Research Billing Compliance Summit

AUGUST 8-10, 2022 | Grand Hyatt, Denver, CO

AGENDA – all times are in mountain time

Workshop One - The Kitchen Sink: Everything You Need to Know about Devices

Device trials are complex and not for the faint of heart! We’ll review techniques to avoid overpayments and denials. We’ll provide strategies to operationalize your device trials with real-world scenarios and a toolbox for the different types of device trials and how to properly bill for them.

  • Category A and B IDEs
  • Non-significant Risk Devices
  • Humanitarian Use Devices
  • PMAs
  • 510Ks
Denise Quint CPC, CHC, CHRC, Research Compliance Analyst, Office of Compliance and Privacy, UNIVERSITY OF VERMONT MEDICAL CENTER
Diva Miliáns, Associate Director, Clinical Trial Reimbursement, ABBOTT

Workshop Two - First Patient Billing Review – Claim/Data Submission through Payment


Should you be reviewing the first patient on study from the billing compliance side? It is valuable to include the First Patient Review as part of a larger picture. Reconciliation – what does it mean to your site? This session will address a first patient review, reconcile and then go into intermittent confirmations.

  • Discover revenue from mis-submitted data, review identified procedures and incidentals
  • Analyze denials to warrant some time of contract review and request for payment
  • Inspect whether you are siloed and not recognizing where billing is going out incorrectly
Joe Fugitt, Director, Finance – Research, Office of Research and Education, SPECTRUM HEALTH 
Christine Nelson, Director, Office of Clinical Trials at UNIVERSITY OF NORTH CAROLINA AT CHAPEL HILL

Workshop Three - So You Want to Build a Research Compliance Program? The Who, What, When, Where and How of Getting Started

Can your research program be successful without a research compliance program? We don’t think so! This session will explore how to build an effective research compliance program from scratch and help you set the stage for partnering with your research team to be an integral part of their success.

  • Discuss the importance of a research compliance program and how to get researchers and operations on board.
  • Identify the key elements of a compliance program.
  • Discuss how to get started, where to prioritize your resources, and setting your program up for longevity and sustainability.
Kate Cohen, JD, CHC, CHRC, Chief Compliance Officer, SIU MEDICINE
Debra Stavarski, PhD, RN, CHR, System Director, Research Compliance Officer, READING HOSPITAL TOWER HEALTH

Workshop Four - All Things Pediatrics 


Pediatrics has its own set of rules when it comes to billing compliance. Here from experienced professionals across the country on tips and tools to make your site successful whether you are a pediatric facility or perform pediatric studies at a larger institution.

  • Demonstrate advice from different areas of pediatric research from compliance to managing
  • Compare how sites do things differently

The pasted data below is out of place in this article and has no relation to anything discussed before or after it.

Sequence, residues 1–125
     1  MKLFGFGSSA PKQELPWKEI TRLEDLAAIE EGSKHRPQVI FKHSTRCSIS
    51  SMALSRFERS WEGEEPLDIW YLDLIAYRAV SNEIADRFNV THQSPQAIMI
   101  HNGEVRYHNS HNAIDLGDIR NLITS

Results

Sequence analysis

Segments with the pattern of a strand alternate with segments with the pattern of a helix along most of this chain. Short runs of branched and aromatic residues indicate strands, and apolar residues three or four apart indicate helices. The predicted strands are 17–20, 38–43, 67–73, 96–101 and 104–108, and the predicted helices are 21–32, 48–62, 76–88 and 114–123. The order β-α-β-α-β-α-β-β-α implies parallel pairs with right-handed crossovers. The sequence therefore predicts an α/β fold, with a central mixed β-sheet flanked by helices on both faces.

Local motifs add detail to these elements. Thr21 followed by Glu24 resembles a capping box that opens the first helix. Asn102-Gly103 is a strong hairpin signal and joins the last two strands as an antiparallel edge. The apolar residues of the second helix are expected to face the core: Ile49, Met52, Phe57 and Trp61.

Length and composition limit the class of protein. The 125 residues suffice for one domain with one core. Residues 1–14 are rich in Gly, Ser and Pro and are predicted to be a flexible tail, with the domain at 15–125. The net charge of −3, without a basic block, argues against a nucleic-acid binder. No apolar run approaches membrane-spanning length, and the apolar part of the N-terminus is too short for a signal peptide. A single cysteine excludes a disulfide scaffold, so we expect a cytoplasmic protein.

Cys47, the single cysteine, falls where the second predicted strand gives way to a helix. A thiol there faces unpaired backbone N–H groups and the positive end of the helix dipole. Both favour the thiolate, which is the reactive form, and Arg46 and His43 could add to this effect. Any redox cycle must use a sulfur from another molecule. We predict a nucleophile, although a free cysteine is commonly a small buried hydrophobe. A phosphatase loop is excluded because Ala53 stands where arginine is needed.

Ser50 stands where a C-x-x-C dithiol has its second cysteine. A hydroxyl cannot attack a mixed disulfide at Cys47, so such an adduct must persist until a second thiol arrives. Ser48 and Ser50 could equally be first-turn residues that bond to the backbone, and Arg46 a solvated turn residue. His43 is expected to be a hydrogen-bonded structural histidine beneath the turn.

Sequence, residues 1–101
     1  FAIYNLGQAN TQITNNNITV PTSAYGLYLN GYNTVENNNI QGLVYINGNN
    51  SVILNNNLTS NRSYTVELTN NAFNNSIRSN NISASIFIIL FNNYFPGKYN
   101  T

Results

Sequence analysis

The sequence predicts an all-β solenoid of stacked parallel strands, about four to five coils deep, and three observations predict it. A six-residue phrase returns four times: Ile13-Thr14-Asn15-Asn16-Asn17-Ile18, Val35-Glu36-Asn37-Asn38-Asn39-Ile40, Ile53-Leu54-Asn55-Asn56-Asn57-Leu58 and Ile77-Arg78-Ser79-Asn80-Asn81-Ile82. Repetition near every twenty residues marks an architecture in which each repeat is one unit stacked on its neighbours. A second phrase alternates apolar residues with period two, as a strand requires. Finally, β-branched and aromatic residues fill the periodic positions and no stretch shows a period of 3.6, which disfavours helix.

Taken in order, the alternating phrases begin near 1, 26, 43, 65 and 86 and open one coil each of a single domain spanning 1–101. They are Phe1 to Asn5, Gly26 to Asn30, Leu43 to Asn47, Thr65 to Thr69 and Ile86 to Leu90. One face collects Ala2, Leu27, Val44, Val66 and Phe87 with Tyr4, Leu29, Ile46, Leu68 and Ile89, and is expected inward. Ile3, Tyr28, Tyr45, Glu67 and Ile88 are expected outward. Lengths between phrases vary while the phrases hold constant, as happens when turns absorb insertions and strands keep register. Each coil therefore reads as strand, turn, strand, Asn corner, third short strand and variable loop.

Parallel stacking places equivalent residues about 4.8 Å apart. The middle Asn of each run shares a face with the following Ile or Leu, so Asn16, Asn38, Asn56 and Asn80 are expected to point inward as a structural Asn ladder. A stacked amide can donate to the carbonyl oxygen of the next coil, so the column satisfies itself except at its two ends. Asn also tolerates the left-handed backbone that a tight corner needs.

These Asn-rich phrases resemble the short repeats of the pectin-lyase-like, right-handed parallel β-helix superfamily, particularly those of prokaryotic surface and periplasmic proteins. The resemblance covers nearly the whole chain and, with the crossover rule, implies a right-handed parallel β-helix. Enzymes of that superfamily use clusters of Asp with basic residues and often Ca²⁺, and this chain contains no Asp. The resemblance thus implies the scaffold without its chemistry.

• Create an environment of facilitation
Jiwon Yeo, MHI, ACRP-CP, Research Integration Hub at SEATTLE CHILDREN’S (Invited) 
Scott Long, VP, Chief Compliance Officer at ST. JUDE CHILDREN’S RESEARCH HOSPITAL
Lorna Lasure, MBA, Manager, Pediatric Academics & Research, PRISMA HEALTH–UPSTATE
Kelly Willenberg, CEOKELLY WILLENBERG & ASSOCIATES  
A knowledge of the portfolio is key in knowing your risks. Listen to a seasoned compliance professional speak on how that implicates your revenue transactions:

  • Identify the key indicators for changing established payer coverage analysis documentation.
  • Understand how to develop relevant communications that support a compliant acquisition of a research portfolio with active patients.
  • Know what relevant drivers are needed to be evaluated to minimize the transaction costs of the clinical research acquisition
Chad Adams, MPH, AVP, Chief Operational Officer, Vice President, Chief Audit & Compliance Officer, HONORHEALTH (invited)
This session will provide an overview of strategies (including budget increases) to account for workforce shortages at the site-level. Many sites are experiencing significant out-migration of experienced site staff to for-profit organizations.

  • Describe the current workforce sustainability issue for clinical trial sites.
  • Explain various strategies to account for increased cost associated with staff shortages, turnover, and inexperienced staff.
  • Discuss proactive steps to acquiring additional funding to support ongoing educational needs at the site.
Lora Black, Executive Director, Clinical Research – SANFORD RESEARCH 
Christina Brennan, MD, Vice President, Clinical Research – NORTHWELL HEALTH
In this session learn how a large Academic Medical Center went live with centralized billing of all non-oncology clinical trials in July 2020, integrating their CTMS with their hospital financial system (Peoplesoft).

  • Understand modifications in their A/R process based on what they have learned
  • Review starting from initial budgeting and calendar creation in the CTMS
  • Examine new process creation, modifications in budgeting, and streamline billing compliance.